Workplace policies can be a valuable tool to effectively communicate with employees and reduce your legal liability. You need to ensure employees are aware of, understand and agree to comply with your workplace policies. This article sets out:

  • what workplace policies are;
  • differences with an employment contract; and
  • when and how new and existing employees should accept and access them.

What Are Workplace Policies?

In short, policies are written directions from the employer to employees (and other workers such as contractors and volunteers). As an employer, you’re entitled to make lawful and reasonable directions to employees verbally or in writing including using policies. They are useful as a way to efficiently and consistently communicate key items to your employees without having to direct each employee individually. There are two types of policies: 

  1. operations policies; and
  2. core policies.

Operations Policies

Operational policies speak to any business matters that you wish to efficiently communicate and may include matters such as parental leave, expenses or company car usage.

Core Policies

Core policies may speak to your legal liability by demonstrating that you took reasonable steps to prevent certain conduct that you are otherwise vicariously liable for. Such conduct could include:

  • bullying;
  • harassment; and 
  • conduct which would put workers’ work health and safety at risk. 

The core recommended policies are:

  • a work health safety (WHS) policy;
  • an anti-discrimination harassment and bullying (ADHB) policy; and
  • an information technology (IT) policy.

Policies can also be a basis for disciplinary action or performance management as well as a tool to defend a claim such as an unfair dismissal claim. Your policies should include that a breach may result in disciplinary action including termination. 

Breaching a policy alone may not be sufficient to justify or defend termination, but may assist you along with other items and this will depend on the facts.

Differences Between Workplace Policies and an Employment Agreements

An employment agreement includes the terms of the employment between you as the employer and the employee. It includes key items such as:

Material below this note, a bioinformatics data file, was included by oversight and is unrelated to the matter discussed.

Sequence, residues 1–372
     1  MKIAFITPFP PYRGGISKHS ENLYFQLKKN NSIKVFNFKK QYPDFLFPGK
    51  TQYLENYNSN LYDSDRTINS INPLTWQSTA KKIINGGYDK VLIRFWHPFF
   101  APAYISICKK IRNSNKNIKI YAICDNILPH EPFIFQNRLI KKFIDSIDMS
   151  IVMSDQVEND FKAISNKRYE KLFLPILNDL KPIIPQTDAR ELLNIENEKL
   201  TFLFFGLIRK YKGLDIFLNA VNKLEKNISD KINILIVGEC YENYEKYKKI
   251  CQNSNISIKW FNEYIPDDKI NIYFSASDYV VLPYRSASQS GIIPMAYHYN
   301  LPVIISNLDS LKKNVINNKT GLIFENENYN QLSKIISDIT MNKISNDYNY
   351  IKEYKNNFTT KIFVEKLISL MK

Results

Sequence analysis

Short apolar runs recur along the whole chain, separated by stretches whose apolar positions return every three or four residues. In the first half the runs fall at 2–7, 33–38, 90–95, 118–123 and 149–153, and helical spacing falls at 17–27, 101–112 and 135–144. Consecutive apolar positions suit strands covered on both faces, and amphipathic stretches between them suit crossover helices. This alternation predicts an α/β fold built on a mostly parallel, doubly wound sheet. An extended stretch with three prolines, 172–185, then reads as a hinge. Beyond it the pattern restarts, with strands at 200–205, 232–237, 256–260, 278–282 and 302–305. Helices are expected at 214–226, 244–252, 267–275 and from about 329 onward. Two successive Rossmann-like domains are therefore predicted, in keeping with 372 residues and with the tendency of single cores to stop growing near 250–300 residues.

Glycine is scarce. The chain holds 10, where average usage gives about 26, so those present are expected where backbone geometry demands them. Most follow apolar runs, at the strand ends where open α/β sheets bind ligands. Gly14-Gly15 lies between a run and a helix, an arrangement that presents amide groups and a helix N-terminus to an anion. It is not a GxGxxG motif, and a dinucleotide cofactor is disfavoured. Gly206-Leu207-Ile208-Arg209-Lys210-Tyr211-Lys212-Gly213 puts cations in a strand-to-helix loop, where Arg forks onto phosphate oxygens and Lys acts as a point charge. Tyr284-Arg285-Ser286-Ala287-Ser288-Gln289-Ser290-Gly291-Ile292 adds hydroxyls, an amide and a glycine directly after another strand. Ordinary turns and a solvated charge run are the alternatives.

• intellectual property;
  • confidentiality;
  • probation;
  • termination including notice period; and
  • specifics of the engagement such as remuneration, duties and hours of work.

It can only be varied by written agreement and it should not create unnecessary obligations on the employer to avoid being in breach of the agreement.

By contrast, policies are not an agreement but written directions from you to the employee. They can be varied at any time so long as changes are meaningfully communicated to employees. It is best not to include any promissory language or create unnecessary obligations on the employer in the policies.

When Should New Employees Accept Workplace Policies?

On that basis, employment agreements should be separate to policies and should not incorporate policies. If your employment agreement makes reference to and includes policies, this has the potential to expose you to breach of contract claims where the policy is breached by the employer.

Although employers may like to issue policies along with the contract of employment as a starter pack, that can risk the policies forming part of the contract. Best practice is to issue policies and the contract at different times. A good approach would be to issue the contract before the employee starts work and then provide the policies on commencement.

How Should New Employees Accept Workplace Policies?

You can provide your policies to new employees in hard copy or over email on commencement. You should require them to read them and respond in writing that they have read, understood and will comply with the policies. They can complete this by signing a declaration at the end of the policies or confirming via email.

How Should Existing Employees Accept and Access Workplace Policies?

You should maintain your policies in one easy to find place. This is typically on your company intranet page. In addition, you should regularly send them to employees to receive confirmation in writing they will comply with the policies.

For new policies or changes, you should send a business-wide email updating employees and require all employees to read the new or amended policies and agree in writing to comply with them.

In some circumstances, acceptance in this form is not sufficient. This will depend on the nature and circumstances of your business and you may consider carrying out regular training on the policies.

For example, for a construction business, you may wish to undertake regular training on employees’ WHS obligations including with respect to your WHS policy. If you’ve recently investigated workplace harassment, you may also wish to respond by undertaking training on workplace harassment including with respect to your ADHB policy.

Key Takeaways

As an employer, workplace polices can be an important tool to manage and discipline employees as well as reduce your liability. It is important to ensure they are communicated and agreed to separately to the employment agreement to avoid breach of contract and so you can vary your policies without agreement. Instead, provide the policies at a later time, for example, on commencement of employment. You should maintain easy access to the policies, regularly communicate existing policies and update employees on changes to policies. If you need help writing your policies or understanding your obligations at law, contact LegalVision’s employment lawyers on 1300 544 755 or fill out the form on this page.

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